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It’s common to identify a country with its most dominant language and pick up a little of it before visiting. You know, like French in France or Japanese in Japan. But doing so with Hindi in India might not only be pretty useless (depending on which part of the country you’re visiting) but actually land you in trouble! A wave of anti-Hindi agitations have occurred in India in recent years, rocking the southern states, especially Tamil Nadu and Karnataka.
A road sign displaying Tamil, Hindi and English | ©Ashok Prabhakaran/Flickr
The history of this conflict predates India’s independence, and dates back to the days of the British Raj. However, unlike most conflicts that prevail today in the subcontinent (such as India’s rivalry with Pakistan or its border issues with China), this problem was not a design of the British Raj. It was brought about by the actions of the then-biggest political party in the country, the Indian National Congress. In 1937, the Congress-led government in Madras Presidency (which later split into the four states of South India) introduced compulsory Hindi education in schools across the region.
While the move was aimed at unifying the divided country through a single language, it was seen by many in the state, especially E.V.R. Periyar (a pioneer of rationalist and anti-caste Dravidian politics in the region), as a measure to impose Hindi on the local populace. Periyar believed that the move would slowly erode interest in the Tamil language, which is of great antiquity and boasts a rich tradition of prose and poetry. Thus, in 1937, the first wave of anti-Hindi agitations took place in the state, and lasted for more than three years, until the move was repealed in 1940.
The clamor around the issue died down a little after India’s Independence. However, it was always in the background, and arose again in 1950, and later in 1965. During the framing of India’s constitution in 1950, the Congress government hoped to make Hindi the sole official language of the country. However, because of strong opposition from South India, it was decided that English would remain an associate official language, along with Hindi, for 15 more years. Then, Hindi would take over in earnest. But when the time came in 1965 to do away with English, there was once again strong opposition, and English remains an associate official language today. To placate the states, it was also decided that each state would have the liberty to choose its own official language, and 22 such major languages were then officially recognized in the constitution.
The idea of making Hindi the official language comes from the fact that it is the language with the most speakers in India. However, in a country as diverse as India, that doesn’t mean it’s spoken by a majority. In fact, Hindi in its official form is only spoken by 15 percent of the population. However, allied languages and dialects derived from Hindi are spoken by nearly 45 percent of the country. While this could possibly warrant the consideration of Hindi as the sole official language, the problem is that nearly all of the Hindi-speaking population resides in central and north India. And while there are a considerable number of Hindi speakers in most other states, that number is almost negligible in Tamil Nadu, Kerala, and Karnataka.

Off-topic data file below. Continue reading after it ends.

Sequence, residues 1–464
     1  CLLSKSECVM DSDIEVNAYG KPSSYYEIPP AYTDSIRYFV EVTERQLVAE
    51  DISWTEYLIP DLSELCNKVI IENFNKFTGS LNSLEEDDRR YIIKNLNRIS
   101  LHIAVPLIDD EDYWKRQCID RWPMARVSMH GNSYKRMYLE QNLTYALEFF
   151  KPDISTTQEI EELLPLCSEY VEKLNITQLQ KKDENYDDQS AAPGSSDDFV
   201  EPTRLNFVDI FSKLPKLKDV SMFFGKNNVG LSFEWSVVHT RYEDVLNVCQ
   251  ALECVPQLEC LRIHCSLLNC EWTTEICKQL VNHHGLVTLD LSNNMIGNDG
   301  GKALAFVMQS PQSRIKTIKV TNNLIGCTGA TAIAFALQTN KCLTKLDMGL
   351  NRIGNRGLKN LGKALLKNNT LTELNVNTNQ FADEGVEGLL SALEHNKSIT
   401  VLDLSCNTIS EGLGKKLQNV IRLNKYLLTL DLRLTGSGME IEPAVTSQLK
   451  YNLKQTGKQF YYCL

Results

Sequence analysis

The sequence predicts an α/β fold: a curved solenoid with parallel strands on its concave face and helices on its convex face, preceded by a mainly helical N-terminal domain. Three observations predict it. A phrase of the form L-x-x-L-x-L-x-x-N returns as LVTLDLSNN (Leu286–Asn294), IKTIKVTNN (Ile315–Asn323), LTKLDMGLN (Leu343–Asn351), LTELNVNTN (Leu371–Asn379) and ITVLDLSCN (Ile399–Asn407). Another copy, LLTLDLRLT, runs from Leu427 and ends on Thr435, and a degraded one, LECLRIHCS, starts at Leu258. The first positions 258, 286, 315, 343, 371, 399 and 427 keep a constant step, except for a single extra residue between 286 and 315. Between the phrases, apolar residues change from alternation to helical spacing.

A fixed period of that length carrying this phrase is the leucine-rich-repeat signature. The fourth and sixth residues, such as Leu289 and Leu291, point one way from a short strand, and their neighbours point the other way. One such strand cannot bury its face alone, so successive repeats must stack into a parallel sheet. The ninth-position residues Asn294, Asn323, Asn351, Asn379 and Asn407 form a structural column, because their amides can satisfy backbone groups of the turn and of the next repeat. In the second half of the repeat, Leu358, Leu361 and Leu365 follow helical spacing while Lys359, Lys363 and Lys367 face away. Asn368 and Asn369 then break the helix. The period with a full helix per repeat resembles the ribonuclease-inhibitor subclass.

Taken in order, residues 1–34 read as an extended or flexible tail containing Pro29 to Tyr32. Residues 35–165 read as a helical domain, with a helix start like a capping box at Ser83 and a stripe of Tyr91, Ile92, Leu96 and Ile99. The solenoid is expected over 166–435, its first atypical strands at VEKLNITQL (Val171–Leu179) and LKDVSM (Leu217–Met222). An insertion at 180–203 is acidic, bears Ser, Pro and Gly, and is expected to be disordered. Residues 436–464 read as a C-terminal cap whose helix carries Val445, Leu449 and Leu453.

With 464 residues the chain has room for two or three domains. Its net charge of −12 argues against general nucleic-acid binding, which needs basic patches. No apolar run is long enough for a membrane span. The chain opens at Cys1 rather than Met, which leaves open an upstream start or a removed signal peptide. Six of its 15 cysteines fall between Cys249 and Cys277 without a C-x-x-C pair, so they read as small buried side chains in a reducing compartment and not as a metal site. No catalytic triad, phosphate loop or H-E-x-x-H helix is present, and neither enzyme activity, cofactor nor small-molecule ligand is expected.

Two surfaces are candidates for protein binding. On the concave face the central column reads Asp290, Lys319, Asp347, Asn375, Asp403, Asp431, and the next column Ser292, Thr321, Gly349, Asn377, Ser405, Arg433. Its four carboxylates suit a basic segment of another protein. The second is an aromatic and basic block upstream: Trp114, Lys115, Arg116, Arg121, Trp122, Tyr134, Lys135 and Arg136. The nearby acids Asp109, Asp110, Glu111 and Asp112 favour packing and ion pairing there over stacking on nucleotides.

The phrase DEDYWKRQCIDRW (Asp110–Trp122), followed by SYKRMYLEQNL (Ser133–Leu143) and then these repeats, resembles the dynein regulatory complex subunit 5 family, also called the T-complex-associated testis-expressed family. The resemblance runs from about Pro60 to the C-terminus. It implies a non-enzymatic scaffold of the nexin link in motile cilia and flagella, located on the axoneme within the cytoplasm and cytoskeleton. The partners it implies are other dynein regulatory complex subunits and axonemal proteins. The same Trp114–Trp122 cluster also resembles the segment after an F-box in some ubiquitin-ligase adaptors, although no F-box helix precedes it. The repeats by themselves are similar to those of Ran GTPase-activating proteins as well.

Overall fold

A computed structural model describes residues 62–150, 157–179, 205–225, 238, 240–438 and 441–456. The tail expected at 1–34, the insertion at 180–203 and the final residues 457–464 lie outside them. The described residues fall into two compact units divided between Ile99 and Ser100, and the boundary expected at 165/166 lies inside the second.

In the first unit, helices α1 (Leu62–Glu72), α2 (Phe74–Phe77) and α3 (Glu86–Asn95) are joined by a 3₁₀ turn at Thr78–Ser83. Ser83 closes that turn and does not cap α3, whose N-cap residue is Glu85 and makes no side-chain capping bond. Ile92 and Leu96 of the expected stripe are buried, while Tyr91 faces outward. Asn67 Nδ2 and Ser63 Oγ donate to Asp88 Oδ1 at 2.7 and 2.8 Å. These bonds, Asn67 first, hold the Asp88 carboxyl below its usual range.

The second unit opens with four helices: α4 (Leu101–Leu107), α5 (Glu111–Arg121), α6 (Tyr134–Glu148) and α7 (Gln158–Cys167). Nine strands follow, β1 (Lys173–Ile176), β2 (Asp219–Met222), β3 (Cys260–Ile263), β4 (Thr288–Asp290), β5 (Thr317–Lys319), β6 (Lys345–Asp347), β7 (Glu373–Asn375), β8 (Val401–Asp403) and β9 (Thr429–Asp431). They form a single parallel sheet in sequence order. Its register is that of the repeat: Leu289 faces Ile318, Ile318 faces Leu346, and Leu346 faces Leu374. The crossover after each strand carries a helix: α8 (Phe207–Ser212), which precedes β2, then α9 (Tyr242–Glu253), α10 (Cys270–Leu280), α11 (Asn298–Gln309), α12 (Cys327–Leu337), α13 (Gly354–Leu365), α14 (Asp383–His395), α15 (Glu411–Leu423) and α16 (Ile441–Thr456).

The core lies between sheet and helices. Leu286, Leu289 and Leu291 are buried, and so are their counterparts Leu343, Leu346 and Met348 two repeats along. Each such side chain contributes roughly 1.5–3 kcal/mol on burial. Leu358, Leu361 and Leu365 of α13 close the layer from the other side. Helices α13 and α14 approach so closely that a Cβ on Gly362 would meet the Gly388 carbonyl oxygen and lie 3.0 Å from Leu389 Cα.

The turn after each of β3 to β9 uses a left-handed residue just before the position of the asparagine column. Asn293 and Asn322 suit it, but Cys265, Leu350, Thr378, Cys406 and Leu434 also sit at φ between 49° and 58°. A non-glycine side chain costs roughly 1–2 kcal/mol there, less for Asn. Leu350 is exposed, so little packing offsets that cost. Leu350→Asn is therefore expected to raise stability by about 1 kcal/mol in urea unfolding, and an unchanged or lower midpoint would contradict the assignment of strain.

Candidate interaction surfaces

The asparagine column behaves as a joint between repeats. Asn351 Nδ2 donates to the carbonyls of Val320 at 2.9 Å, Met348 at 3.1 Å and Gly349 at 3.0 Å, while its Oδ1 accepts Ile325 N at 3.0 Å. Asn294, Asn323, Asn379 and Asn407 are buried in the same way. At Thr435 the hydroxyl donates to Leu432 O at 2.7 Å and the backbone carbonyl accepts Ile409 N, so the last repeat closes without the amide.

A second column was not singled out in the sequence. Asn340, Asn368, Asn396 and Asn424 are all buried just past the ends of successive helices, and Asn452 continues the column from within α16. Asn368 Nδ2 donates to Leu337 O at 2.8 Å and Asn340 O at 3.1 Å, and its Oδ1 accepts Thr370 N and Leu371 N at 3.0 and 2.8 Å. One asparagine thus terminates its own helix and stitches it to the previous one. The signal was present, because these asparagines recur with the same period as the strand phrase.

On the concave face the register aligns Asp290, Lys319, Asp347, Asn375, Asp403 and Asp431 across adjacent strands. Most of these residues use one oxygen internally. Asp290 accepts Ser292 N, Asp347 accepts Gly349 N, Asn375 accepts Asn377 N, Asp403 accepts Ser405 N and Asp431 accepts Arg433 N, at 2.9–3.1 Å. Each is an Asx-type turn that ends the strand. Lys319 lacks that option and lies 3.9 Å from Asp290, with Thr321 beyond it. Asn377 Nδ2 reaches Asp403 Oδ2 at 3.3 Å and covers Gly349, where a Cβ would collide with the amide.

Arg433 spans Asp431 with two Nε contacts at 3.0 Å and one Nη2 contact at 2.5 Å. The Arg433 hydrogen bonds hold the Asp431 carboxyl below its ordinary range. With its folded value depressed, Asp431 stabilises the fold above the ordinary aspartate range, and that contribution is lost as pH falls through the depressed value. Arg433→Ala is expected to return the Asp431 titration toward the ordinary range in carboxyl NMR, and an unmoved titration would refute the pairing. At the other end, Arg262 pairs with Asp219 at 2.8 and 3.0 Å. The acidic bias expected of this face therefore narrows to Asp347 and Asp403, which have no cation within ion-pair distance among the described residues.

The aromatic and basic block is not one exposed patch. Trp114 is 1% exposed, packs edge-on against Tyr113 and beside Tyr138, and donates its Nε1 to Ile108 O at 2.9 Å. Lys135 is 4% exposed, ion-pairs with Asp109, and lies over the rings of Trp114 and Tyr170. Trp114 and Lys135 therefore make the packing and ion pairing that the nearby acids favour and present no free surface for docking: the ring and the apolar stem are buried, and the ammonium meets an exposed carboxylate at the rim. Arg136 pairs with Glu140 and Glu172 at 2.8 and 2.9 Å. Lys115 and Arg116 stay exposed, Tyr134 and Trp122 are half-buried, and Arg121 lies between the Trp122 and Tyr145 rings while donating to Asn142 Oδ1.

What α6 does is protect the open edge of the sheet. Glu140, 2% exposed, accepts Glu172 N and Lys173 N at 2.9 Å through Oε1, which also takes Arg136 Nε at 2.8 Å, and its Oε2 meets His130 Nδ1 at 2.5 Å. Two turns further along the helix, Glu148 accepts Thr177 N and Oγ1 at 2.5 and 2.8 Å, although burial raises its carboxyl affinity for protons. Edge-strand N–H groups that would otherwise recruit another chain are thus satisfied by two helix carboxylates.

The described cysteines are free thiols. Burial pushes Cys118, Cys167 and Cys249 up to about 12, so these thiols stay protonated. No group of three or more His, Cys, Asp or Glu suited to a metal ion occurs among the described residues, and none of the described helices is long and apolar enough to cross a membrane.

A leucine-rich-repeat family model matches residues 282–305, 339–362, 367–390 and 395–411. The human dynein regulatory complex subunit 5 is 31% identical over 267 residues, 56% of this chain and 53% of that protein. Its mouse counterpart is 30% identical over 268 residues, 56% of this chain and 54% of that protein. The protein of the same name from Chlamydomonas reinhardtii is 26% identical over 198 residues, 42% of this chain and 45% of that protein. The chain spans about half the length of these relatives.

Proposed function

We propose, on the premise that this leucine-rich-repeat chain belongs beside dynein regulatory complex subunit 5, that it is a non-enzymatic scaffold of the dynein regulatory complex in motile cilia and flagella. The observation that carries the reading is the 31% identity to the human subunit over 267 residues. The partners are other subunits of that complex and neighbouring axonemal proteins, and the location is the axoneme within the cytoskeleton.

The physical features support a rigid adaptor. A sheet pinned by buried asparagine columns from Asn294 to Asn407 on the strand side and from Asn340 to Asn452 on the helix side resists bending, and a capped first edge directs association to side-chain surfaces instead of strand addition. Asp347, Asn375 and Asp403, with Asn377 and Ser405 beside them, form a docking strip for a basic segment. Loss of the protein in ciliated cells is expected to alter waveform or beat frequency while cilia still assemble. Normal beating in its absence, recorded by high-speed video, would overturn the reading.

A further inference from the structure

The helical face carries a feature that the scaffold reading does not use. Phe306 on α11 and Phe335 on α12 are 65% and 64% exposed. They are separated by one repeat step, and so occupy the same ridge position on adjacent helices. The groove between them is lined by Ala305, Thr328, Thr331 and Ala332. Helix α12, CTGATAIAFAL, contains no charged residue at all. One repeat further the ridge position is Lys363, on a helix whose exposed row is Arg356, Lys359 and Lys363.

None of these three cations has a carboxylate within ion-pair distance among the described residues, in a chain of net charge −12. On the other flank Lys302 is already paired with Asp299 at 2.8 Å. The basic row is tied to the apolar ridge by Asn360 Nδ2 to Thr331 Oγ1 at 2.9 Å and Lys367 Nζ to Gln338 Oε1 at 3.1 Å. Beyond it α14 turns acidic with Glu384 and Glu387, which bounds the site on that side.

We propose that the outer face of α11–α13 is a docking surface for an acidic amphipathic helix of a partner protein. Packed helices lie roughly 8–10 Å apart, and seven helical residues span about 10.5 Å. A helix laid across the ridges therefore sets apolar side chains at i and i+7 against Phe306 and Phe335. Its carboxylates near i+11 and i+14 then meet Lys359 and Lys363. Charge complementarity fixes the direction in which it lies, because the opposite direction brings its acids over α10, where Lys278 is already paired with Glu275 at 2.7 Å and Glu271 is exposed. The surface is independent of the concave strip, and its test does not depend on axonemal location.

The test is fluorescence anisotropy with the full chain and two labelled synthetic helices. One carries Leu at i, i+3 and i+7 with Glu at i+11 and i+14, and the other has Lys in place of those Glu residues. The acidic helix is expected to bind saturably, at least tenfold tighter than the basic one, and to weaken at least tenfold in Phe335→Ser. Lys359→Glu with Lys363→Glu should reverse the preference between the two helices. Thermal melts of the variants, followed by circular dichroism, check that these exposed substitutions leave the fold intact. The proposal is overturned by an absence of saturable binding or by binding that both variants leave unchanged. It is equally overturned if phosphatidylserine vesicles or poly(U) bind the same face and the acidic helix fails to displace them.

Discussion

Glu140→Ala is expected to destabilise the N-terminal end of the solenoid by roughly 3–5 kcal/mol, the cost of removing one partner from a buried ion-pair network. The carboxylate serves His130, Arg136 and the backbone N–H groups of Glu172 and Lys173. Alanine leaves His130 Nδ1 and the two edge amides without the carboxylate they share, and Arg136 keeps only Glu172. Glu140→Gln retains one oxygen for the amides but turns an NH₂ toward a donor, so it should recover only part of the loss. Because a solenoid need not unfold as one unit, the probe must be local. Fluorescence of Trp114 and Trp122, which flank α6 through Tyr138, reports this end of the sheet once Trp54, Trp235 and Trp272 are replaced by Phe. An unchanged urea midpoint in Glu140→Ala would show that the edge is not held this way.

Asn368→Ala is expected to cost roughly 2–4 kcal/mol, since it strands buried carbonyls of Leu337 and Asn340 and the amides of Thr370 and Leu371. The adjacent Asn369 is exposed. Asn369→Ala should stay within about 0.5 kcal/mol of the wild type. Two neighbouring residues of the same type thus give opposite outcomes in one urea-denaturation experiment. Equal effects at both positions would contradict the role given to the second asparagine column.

One would imagine that letting each state choose its official language would shut the matter down for good. However, in recent years–especially after the 2014 elections–the South Indian states have once again cried foul about Hindi imposition by the Center. This time not in the form of compulsory education, but via signboards at stations and highways, notices, and critical documents such as train tickets. The first such move came in the form of a government notice in 2014 that directed that all government entities using official social media accounts should communicate in Hindi or English, but prioritize Hindi. This was hotly contested by the late Chief Minister of Tamil Nadu, J. Jayalalithaa, who expressed that ‘it was against letter and spirit’ of the Official Languages Act.
While the majority of the conflict’s history has remained in Tamil Nadu and partially in Kerala, in recent years it has also found a foothold in Karnataka. Agitations in Karnataka started earlier this year after Hindi was used in signs and name boards at the Bengaluru Metro Rail stations, and in other crucial services, such as nationalized banks. There were several incidents of Hindi signs being blackened, and the chorus has only grown louder in recent months.
So, if you are a foreigner traveling in India, now you know where you can show off your Hindi and where you definitely shouldn’t.